Thursday, January 1, 2015
Hold Tight, Don't Let Go
It's been a great year for novels about the Haitian earthquake. I enjoyed Serafina's Promise and A Song for Bijou, which were both geared towards middle grade and middle school students. Thanks to NetGalley, I got to read Laura Rose Wagner's Hold Tight, Don't Let Go. Due to the language and some of the situations related to the bleak options for young girls, I would recommend this book for mature eighth graders and up. But I definitely recommend it!
Magdalie often forgets that she and Nadine aren't even really sisters. Magda was taken in by Nadine and her manman, living a simple life of school and helping manman clean the house of her cruel boss. Everything changes when the earthquake happens. Manman is a casualty of the disaster, Nadine moves to Florida to be with her father, and Magda has to find where she belongs in Haiti.
It is interesting to see what authors focus on when describing the aftermath of the January 12, 2010 earthquake. Wagner isn't graphic; she tackles the internal uncertainty that resulted. "We are still afraid of sleeping under cement roofs. Everybody is--everybody in this city is afraid of that. Everybody is ready to run all the time…We dream about earthquakes--in our nightmares we are frozen and cannot run. The kid Kervens who lives in the tent near the mapou tree, he was under the rubble for seven hours on January 12, and now he won't sleep without his sneakers on his feet." Wagner was in Haiti for the four years living up to the earthquake, so she has a good grasp on the before and after of the event. Her love for the country and culture shines through. The characters are well-rounded and aren't victims, even in the worst circumstances. I particularly enjoyed Safira, a friend who purchased medicine to save her mother's life by getting impregnated by a man with some money. Safira remains an optimistic influence on those around her, even though she has made difficult choices.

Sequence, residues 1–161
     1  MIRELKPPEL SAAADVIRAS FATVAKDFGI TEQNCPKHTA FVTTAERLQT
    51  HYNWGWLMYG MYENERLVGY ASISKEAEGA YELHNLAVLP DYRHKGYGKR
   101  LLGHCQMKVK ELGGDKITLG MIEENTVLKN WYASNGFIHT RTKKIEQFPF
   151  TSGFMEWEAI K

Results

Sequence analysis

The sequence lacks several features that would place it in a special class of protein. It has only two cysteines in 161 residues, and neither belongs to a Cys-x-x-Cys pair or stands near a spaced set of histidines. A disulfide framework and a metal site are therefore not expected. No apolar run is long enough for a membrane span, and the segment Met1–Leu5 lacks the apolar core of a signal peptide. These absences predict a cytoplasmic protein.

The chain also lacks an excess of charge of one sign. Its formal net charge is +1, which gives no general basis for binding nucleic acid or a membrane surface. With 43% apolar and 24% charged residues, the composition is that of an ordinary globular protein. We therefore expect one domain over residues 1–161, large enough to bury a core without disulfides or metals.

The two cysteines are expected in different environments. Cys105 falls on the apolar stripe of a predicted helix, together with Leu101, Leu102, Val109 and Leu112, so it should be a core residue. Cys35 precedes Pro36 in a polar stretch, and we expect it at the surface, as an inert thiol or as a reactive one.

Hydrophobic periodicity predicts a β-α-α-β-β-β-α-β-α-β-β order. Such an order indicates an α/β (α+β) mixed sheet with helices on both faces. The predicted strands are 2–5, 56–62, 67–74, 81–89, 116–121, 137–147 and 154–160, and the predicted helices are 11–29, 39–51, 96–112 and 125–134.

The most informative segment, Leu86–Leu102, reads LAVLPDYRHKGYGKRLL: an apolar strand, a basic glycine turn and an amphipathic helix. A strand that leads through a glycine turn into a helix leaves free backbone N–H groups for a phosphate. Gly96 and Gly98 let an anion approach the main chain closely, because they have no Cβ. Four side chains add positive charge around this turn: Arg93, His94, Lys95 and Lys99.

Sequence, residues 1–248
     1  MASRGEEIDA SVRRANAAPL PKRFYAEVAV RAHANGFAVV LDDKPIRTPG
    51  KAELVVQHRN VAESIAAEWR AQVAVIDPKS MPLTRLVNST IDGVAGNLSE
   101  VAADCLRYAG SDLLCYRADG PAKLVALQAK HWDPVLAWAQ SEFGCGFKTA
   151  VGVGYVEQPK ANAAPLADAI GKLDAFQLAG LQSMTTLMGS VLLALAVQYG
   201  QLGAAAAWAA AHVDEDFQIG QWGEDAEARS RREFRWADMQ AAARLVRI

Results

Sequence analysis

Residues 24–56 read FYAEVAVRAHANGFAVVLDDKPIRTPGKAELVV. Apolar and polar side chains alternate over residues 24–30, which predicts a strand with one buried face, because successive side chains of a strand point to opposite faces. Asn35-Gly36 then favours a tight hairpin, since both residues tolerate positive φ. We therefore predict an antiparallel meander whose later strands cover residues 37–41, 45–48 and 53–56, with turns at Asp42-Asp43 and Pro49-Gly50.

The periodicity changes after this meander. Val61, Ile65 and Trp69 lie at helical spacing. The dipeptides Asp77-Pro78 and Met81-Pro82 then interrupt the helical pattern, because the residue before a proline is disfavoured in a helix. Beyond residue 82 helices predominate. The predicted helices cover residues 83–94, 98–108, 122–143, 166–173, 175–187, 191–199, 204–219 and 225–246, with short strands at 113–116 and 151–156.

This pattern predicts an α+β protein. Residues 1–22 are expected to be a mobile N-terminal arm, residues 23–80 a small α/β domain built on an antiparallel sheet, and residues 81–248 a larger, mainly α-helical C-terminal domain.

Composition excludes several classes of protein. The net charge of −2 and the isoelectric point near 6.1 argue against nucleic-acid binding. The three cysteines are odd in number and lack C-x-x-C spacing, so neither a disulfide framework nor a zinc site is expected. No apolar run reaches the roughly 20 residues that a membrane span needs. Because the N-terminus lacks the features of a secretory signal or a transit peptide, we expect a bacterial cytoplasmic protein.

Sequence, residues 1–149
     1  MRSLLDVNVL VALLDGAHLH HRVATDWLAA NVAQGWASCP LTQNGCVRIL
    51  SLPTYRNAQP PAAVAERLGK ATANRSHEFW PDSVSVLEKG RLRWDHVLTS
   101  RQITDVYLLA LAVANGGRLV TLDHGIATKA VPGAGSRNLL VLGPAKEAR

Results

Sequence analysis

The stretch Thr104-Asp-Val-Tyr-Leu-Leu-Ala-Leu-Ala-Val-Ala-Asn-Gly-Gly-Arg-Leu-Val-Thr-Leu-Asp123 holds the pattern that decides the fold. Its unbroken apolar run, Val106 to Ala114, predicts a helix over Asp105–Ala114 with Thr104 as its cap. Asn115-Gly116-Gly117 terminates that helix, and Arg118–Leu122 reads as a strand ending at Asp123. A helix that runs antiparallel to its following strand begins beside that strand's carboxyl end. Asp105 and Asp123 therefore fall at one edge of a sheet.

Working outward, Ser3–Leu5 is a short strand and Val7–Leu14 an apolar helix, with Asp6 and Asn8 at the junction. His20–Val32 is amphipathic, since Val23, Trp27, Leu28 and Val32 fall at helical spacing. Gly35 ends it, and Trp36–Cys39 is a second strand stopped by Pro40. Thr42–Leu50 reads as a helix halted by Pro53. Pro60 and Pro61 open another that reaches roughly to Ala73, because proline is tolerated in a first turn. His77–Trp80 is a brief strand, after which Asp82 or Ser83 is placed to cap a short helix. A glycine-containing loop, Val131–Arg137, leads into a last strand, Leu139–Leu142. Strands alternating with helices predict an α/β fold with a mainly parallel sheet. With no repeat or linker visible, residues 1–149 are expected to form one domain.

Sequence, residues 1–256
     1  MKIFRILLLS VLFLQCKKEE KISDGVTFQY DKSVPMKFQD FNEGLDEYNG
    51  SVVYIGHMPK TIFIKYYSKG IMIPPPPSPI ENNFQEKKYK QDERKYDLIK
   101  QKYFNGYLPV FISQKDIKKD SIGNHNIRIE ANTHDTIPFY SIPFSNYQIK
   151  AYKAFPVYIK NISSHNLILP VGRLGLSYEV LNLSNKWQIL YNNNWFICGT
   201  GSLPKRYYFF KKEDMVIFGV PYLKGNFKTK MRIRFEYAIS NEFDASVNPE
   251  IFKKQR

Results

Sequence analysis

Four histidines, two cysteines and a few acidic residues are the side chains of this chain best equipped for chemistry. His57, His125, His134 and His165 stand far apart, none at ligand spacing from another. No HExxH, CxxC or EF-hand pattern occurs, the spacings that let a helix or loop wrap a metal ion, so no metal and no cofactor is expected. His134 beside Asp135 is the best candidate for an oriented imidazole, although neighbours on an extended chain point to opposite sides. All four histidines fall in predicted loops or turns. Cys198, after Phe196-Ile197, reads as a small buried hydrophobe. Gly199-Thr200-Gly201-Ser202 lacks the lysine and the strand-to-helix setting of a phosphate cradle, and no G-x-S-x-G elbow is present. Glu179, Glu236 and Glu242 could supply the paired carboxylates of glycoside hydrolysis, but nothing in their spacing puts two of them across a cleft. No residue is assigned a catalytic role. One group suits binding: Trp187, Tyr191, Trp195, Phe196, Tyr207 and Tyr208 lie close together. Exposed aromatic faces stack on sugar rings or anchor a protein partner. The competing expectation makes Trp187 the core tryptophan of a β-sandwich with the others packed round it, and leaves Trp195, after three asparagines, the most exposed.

I hope that Hold Tight, Don't Let Go is translated into Creole so that Haitians can enjoy it. There is so much pride in this novel. "Rayi chen, di l dan li blan…You hate the dog, but you have to admit that it has beautiful white teeth." This saying comes up several times in the novel and I think it really emphasizes Wagner's point. There are so many different sides to Haiti and this novel gives us a good view of them.
Posted by Miss K at 12:00 AM